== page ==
The connection between mental health and the journey to parenthood is gaining recognition as a critical aspect of overall wellbeing. The profound influence of a person's mental health during the perinatal period, which encompasses both the preconception phase, during pregnancy and postpartum, is becoming increasingly clear. The impact of mental health alone has the potential to affect several different aspects of couples'/individuals' journeys to parenthood, with no two journeys the same.
There needs to be an importance placed on the understanding of this impact across all these critical timepoints. Adequate access to support individuals during investigations and treatment for infertility, the emotional intricacies of pregnancy and the potential postpartum issues that may occur, will help to alleviate the burden that so many people, often silently, go through. Broadly speaking, it is these three timepoints that poor mental health has its impact in individuals'/couples' journeys to parenthood.
Mental health and infertility treatment: The silent battle
The desire to conceive a child can often be fraught with emotional turmoil. Infertility, which affects around one in six couples, is not just a physical challenge but also a mental one. There is often a silent struggle within individuals and couples who are undergoing infertility treatments.
Research has shown that within the general population, rates of anxiety and depression is high in infertile couples. Additionally, on top of the fact that roughly between ten and 20 percent of women develop a mental illness during pregnancy or within the first year after having a baby, this issue is not insignificant.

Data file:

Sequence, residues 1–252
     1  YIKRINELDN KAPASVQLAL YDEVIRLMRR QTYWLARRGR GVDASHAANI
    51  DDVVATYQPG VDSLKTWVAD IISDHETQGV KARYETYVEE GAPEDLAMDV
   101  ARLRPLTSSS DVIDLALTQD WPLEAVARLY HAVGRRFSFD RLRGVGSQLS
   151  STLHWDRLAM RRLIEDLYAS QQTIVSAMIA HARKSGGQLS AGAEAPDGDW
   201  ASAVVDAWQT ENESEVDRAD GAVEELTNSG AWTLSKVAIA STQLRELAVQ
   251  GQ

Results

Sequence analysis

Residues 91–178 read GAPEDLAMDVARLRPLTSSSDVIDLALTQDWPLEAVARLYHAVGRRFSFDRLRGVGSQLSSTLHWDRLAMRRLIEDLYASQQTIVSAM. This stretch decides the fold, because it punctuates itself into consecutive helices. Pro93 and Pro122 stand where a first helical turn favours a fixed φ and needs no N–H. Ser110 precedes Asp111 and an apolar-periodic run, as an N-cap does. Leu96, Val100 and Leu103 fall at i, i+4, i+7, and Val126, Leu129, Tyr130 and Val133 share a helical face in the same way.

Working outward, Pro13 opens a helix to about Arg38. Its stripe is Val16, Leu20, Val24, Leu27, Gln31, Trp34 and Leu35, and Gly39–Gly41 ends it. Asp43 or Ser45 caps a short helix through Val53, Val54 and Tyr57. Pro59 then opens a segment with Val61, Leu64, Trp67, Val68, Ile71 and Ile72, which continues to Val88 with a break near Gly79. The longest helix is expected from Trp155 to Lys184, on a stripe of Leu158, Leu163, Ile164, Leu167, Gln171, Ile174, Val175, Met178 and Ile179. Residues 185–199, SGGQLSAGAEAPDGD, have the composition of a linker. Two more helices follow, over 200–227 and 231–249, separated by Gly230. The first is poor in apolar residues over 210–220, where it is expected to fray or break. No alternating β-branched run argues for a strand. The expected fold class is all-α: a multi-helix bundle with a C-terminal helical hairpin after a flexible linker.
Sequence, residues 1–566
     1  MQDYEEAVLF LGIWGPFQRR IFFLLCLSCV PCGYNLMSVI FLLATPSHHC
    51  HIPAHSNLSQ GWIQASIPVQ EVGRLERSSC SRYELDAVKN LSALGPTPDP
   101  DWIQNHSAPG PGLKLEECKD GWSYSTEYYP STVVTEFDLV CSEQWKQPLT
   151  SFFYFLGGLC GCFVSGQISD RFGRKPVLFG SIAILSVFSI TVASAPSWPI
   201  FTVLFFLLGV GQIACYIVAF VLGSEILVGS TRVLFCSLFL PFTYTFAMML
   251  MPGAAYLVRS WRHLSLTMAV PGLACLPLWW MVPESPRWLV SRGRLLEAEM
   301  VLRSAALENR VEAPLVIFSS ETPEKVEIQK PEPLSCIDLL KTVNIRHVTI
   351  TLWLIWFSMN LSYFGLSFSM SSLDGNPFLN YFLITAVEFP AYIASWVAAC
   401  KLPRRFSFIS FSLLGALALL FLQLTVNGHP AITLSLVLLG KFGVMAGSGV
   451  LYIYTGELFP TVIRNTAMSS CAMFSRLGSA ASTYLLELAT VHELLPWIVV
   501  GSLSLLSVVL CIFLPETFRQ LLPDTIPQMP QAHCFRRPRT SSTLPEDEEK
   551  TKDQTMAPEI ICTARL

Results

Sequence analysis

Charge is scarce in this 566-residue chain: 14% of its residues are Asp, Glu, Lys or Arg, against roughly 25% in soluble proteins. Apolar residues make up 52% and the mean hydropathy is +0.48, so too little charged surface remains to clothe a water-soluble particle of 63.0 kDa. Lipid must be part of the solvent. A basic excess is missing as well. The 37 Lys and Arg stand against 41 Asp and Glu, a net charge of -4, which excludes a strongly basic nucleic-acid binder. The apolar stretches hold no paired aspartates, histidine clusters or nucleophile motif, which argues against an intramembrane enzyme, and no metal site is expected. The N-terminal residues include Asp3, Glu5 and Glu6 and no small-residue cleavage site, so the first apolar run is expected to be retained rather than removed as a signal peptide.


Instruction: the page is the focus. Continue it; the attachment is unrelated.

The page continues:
In addition to this, studies have shown a link between mental health disorders and reduced fertility, with mechanisms ranging from disrupted hormone pathways and differing immune responses. Perhaps the most shocking is a report published by the BMJ in 2022, highlighting maternal suicide as the leading direct cause of death of mothers between six weeks and one year after pregnancy. Of equal note, women who remain childless after failed infertility treatments are a significantly vulnerable group even later in life.
However, even when fertility treatment results in a pregnancy, there is still a necessity for continued psychological support and societal understanding as mental health issues after fertility treatment can continue during pregnancy and post-partum. Advocating for greater awareness, research, and support for those navigating this intricate and emotionally taxing journey is undoubtedly going to help to improve the lives of many individuals.
Mental health during pregnancy: A critical phase
Following conception, particularly after fertility treatment, poor mental health can continue to exert an influence. After completing fertility treatment, patients can go from private care – with a high level of medical attention and supervision – into NHS maternity services. It is also within this period that they may develop mental health issues, such as anxiety and depression.
The effects of poor mental health on the developing fetus are becoming increasingly clear. Research in animals suggest that poor mental health has the potential to increase the prevalence of premature birth and subsequent implications such as low birth weight and associated risk factors. Further research also translated this early work to humans and showed that elevated cortisol levels, a stress-associated hormone, can impact the mental health of the offspring. It is crucial for mental health support to encompass various stages of an individual's pregnancy journey and the postpartum period.